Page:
Egyptian media surprise as Coptic Pope visits Jerusalem
Egyptian media reaction to Coptic Pope Tawadros II's trip to Jerusalem is overwhelmingly negative.
The press and social media widely see it as a breach of a ban announced by Tawadros' predecessor Pope Shenouda III on visiting the city in protest at Israel's occupation of East Jerusalem.
Some Coptic voices in the media endorse Pope Tawadros's explanation for the trip, namely that it is not an official visit but rather to attend the funeral of an Egyptian-born Coptic archbishop, but surprise and anger are the predominant tone in the press and social media.
'Crack in boycott'
Egyptian private papers in the main criticise the visit as a crack in the Coptic boycott, and Al-Shuruq says Pope Tawadros had "surprised" Egyptians by travelling to Jerusalem.
Writing in Al-Yawm al-Sabi, pundit Abdel Fattah Abdel Mun'im also registers surprise, asking why Pope Tawadros "diverges from the teachings of his mentor?"
Al Masry Al Youm newspaper dubs the visit a "crack in the Israel boycott wall".
Several Twitter users see Pope Tawadros as a pawn in an alleged attempt by President Abdul Fattah al-Sisi to further normalise relations with Israel.
Popular hashtags include #Pope_Tawadros, #party_on_Tawadros and #Jerusalem_curses_the_Pope, garnering more than 1,000 uses.
International lawyer Mahmud Rifat sees the visit as a "shame that will haunt him and later generations" .
The Freedom and Justice Party of the banned Muslim Brotherhood movement demands that the Coptic Church should "apologise immediately".
Comments range from critical to excoriating. One, from @bant_alaslam accuses the Church of being a "dagger used by the Zionists against Muslim and Christian holy places" in Jerusalem.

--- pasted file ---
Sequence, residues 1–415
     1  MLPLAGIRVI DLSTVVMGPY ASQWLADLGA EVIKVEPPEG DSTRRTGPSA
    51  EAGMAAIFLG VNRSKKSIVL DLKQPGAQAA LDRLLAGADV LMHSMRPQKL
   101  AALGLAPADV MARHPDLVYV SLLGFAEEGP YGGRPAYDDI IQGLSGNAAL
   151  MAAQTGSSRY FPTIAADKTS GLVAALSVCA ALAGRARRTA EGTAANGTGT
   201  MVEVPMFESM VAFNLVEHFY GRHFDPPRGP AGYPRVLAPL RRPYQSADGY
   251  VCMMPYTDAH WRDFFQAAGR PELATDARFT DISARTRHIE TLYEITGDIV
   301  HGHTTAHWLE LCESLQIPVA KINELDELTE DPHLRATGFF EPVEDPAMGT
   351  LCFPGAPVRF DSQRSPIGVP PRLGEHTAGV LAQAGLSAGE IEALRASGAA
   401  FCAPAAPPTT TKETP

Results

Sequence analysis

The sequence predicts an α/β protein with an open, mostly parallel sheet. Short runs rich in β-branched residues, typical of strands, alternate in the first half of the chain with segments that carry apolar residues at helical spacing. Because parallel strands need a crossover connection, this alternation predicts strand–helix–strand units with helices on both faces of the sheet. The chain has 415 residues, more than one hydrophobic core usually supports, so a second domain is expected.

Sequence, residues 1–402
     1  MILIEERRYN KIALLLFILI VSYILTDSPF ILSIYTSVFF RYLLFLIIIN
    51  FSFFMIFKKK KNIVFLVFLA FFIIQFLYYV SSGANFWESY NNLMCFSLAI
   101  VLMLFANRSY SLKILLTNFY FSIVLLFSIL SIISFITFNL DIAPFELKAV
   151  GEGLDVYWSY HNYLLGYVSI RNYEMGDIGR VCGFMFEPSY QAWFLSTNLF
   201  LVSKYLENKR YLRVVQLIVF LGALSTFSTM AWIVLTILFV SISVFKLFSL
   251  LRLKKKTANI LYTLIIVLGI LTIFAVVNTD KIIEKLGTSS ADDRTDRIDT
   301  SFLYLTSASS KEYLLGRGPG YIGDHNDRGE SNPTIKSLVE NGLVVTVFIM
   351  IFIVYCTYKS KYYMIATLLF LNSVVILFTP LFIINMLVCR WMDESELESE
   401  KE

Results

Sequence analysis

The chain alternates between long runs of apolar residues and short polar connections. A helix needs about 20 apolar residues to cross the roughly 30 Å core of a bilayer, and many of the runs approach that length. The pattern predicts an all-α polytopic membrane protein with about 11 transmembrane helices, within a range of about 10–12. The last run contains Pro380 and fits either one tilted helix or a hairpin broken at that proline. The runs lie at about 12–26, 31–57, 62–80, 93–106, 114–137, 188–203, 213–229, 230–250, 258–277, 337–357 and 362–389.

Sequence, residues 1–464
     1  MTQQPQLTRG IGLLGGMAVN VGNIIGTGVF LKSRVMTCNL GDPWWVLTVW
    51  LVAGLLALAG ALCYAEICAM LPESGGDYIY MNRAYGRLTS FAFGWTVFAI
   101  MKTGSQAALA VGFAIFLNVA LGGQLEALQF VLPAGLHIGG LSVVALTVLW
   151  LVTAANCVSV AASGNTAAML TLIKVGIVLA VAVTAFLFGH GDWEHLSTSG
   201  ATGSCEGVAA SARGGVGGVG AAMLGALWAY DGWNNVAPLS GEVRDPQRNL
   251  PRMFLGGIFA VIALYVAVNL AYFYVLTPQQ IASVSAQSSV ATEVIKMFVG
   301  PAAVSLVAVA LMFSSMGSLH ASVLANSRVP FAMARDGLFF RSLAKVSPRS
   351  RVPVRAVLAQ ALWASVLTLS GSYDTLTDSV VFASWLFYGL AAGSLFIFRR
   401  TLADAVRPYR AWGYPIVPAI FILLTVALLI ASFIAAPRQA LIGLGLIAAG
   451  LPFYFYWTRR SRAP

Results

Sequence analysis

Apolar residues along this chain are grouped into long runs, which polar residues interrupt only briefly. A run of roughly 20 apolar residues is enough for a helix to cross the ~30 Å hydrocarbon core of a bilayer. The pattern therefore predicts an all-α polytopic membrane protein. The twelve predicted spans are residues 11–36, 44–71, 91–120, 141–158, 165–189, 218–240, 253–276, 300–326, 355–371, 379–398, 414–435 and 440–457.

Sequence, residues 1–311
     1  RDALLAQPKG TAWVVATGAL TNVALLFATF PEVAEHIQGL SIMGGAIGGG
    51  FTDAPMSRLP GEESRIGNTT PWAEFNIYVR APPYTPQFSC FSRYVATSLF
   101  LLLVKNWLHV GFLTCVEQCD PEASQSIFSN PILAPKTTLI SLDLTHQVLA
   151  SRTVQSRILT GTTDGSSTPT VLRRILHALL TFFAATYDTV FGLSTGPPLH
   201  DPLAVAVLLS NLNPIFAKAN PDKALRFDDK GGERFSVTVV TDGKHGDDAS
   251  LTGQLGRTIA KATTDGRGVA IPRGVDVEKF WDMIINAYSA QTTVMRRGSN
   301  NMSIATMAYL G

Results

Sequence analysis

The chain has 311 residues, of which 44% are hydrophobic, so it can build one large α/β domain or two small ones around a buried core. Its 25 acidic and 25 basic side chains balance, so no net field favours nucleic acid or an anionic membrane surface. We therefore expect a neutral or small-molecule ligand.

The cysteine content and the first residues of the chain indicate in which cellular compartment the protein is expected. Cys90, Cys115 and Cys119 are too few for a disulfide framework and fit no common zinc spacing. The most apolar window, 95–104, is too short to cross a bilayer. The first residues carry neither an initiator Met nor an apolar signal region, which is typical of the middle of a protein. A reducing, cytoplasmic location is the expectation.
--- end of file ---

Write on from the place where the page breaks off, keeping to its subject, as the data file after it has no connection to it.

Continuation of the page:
Al-Shuruq newspaper says Copts are "split between anger and welcome" over the visit, and gives voice to Coptic opinions ranging from support to respectful criticism.
Coptic writer Kamal Ghubrial says Pope Tawadros has a political role to play in breaking what he calls the "obsession of Arabist dervishes" who oppose the normalisation of relations with Israel, and endorses the Jerusalem visit as a step in that direction.
Coptic writer Sulayman Shafiq on the other hand considers the visit "unwise" and a "violation of previous clerical traditions and decisions".
The Copts United website hosts several reactions by Coptic figures, with political commentator Michel Fahmi warmly supporting the visit as "historic".
Like Mr Ghubrial, he sees "no wisdom in the boycott decision".
The story was little covered elsewhere.
Pan-Arab satellite TV channels did not report it in their morning bulletins, it did not make the Middle Eastern Arab press outside Egypt, and only a few Israeli news titles reported the visit before the row erupted.
In the Palestinian media, only the Filastin Online website of the Islamist Hamas movement registers the visit to "occupied Jerusalem", saying rival Fatah faction leader and Palestinian Authority President Mahmoud Abbas had "encouraged it" on an visit to Cairo earlier this month.
The Palestinian-focused London paper Al-Quds al-Arabi leads on the story, saying it has stirred up "controversy".